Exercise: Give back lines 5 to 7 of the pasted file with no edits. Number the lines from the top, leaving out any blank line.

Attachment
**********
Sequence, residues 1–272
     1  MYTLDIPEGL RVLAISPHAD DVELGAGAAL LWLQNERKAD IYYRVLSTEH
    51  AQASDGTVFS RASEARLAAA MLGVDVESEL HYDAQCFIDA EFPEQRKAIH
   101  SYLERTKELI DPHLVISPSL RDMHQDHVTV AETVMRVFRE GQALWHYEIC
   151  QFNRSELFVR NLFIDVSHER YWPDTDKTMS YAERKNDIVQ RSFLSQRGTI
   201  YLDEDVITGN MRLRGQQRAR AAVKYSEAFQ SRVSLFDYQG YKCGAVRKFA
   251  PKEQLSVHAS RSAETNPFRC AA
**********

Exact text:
   151  QFNRSELFVR NLFIDVSHER YWPDTDKTMS YAERKNDIVQ RSFLSQRGTI
   201  YLDEDVITGN MRLRGQQRAR AAVKYSEAFQ SRVSLFDYQG YKCGAVRKFA
   251  PKEQLSVHAS RSAETNPFRC AA